There is one thing about Michael's relationship with Milo that sticks out in the story. In a flashback at the beginning of the movie, Michael meets his new bunkmate, Lucien, and calls him "the new Milo," implying that his previous bunkmates die so frequently, that he doesn't want to bother learning their names. Not only does Lucien become his companion for life, but the name sticks. Why? That was kind of rude of Michael, no? And we're supposed to like this guy?

4. Agent Simon Stroud

There's nothing particularly wrong with Simon Stroud as a character. He's an FBI agent investigating the murders committed by Michael Morbius on a private mercenary vessel. If you've seen Tyrese Gibson in the "Fast and Furious" films, you know that he can bring so much more to a movie than he does in "Morbius." His character in the "Fast" saga, Roman, drove a car into space in the latest installment in the franchise. Gibson is great at providing comedic relief and grounding ridiculous circumstances. 

With all that said, it's depressing to see him be so low-key in "Morbius." Why wasn't he funny? Other characters in the movie were funny, including Stroud's partner, Agent Rodriguez, who was given all of the good comedic moments. It doesn't seem fair. Still, since his character was lifted from the pages of Marvel Comics, maybe Simon will return in a future Sony movie and have a little more to do. 

3. Anna

The little girl in Morbius' lab, Anna (Zaris-Angel Hator), is the third-best character in the movie. She has a good rapport with Michael, who seems to genuinely care about her well-being. And she's very cute. Her scenes with Michael and Martine added some needed brevity to the beginning of the movie, and reminded the audience that there were real stakes (not a vampire pun) to Michael's experiments. He wasn't just trying to cure himself. This risky, experimental research was not born out of hubris or selfishness. There are other people he wanted to help, like Anna. Unfortunately, her storyline is completely dropped. She's put into a coma midway through the movie and never seen or heard from again ... and there aren't any adults left at the lab by the end of the film.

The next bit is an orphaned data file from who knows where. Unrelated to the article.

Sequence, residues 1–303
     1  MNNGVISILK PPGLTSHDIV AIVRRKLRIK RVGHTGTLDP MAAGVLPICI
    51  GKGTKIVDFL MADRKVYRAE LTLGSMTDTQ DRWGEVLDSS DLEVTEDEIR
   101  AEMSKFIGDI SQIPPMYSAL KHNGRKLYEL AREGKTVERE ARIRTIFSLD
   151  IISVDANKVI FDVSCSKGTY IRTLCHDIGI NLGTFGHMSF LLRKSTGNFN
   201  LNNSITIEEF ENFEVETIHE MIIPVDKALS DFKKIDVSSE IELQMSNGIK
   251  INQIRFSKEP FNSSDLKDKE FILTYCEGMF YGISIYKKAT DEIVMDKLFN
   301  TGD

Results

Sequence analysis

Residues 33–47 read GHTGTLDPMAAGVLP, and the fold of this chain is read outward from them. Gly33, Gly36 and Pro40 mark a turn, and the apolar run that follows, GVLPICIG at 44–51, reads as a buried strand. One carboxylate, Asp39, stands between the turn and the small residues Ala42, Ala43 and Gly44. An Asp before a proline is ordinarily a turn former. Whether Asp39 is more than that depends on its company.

"Morbius" is only 104 minutes long, and that's generally a good thing. More movies should come in well under two hours. However, it would have been nice if some of those minutes were spent fleshing out the world and getting to know characters like Anna a little bit better. 

2. Milo, aka Lucien

Every Bill Compton needs an Eric Northman. (Or, if you're sick of the "True Blood" references, every Angel needs a Spike.) That's what Milo is to Michael. He's the fun vampire who delights in drinking blood and committing casual acts of murder in order to be strong and sexy. He's also played by Matt Smith, who knows exactly what tone the movie he's in calls for and has a lot of fun in the process. When Michael becomes a vampire, he puts his new strength to the test with a series of experiments and exercises. But when Milo injects himself with the bat DNA serum, he gets ready to go out on the town, dancing around his apartment and truly feeling himself. 

Wouldn't you rather watch a movie about him instead of Dr. Morbius? Milo does kidnap Michael's girlfriend, Martine, and that's a pretty basic thing for a villain to do. But, he's such a charismatic change of pace from the sullen Michael, that by that point in the movie you're just happy to see him doing anything

1. Agent Rodriguez

The character that would be the most exciting to potentially see cross-over into other Sony properties is the FBI agent played by former "Daily Show" correspondent, Al Madrigal. He's no-nonsense in a way that is laugh-out-loud funny. Unlike the cops in every other vampire story since the beginning of time, Agent Rodriguez sees bite marks and blood-drained victims and knows exactly what he's dealing with. His first theory is that he's dealing with a vampire attack. He wastes no time asking if Dr. Morbius has been spending time on boats, where the first vampire attack takes place. Nothing gets past this guy. Is he the best fictional detective of all time? 

His only flaw is trying to summon a cat by nonsensically shaking a litter box. Maybe he's a dog person. Sony needs to bring Agent Rodriguez back for "Kraven the Hunter," "Madame Web," and whatever "Sinister Six" nonsense they're planning. He's the perfect foil to all of these characters. Rodriguez recognizes that he lives in a world where supernatural things are out of the ordinary, but rolls with the punches surprisingly well, without letting them get in the way of his job.